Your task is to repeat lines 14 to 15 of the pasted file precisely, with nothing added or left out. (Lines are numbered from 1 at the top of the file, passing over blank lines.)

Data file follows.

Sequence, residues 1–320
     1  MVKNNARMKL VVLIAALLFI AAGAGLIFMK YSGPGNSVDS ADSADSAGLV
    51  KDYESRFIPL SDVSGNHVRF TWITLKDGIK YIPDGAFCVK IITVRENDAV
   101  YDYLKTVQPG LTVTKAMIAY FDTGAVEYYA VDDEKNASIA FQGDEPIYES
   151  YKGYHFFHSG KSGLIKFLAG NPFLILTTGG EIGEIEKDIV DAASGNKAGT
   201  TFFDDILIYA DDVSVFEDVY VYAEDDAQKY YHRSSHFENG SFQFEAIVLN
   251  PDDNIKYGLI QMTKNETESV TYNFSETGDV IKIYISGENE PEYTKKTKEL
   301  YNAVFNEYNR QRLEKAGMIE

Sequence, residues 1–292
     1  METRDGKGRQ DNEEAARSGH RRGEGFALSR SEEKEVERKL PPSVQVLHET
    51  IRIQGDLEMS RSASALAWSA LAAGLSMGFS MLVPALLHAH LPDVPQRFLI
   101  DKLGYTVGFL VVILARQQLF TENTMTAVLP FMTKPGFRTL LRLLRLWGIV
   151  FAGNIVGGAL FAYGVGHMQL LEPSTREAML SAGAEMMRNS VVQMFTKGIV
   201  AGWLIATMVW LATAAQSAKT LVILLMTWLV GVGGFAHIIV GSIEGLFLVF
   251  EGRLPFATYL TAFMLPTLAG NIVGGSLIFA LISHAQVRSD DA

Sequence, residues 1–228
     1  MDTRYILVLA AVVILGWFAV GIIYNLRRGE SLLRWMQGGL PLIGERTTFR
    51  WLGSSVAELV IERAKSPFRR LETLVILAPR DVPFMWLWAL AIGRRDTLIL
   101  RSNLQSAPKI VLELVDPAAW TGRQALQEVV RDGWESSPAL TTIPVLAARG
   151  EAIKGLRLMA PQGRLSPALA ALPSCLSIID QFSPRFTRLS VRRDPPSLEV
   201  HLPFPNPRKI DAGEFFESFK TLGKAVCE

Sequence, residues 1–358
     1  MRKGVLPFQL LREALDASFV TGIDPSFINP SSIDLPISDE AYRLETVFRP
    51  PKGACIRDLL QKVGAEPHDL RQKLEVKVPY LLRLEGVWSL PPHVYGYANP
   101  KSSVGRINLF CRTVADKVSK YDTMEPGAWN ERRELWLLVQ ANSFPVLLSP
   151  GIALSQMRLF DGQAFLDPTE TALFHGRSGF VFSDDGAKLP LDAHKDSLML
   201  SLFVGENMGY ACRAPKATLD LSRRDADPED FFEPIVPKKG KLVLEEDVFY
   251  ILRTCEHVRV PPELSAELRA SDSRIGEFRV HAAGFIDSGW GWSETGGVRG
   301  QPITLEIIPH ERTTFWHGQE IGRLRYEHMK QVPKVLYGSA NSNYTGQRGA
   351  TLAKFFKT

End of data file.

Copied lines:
   201  AGWLIATMVW LATAAQSAKT LVILLMTWLV GVGGFAHIIV GSIEGLFLVF
   251  EGRLPFATYL TAFMLPTLAG NIVGGSLIFA LISHAQVRSD DA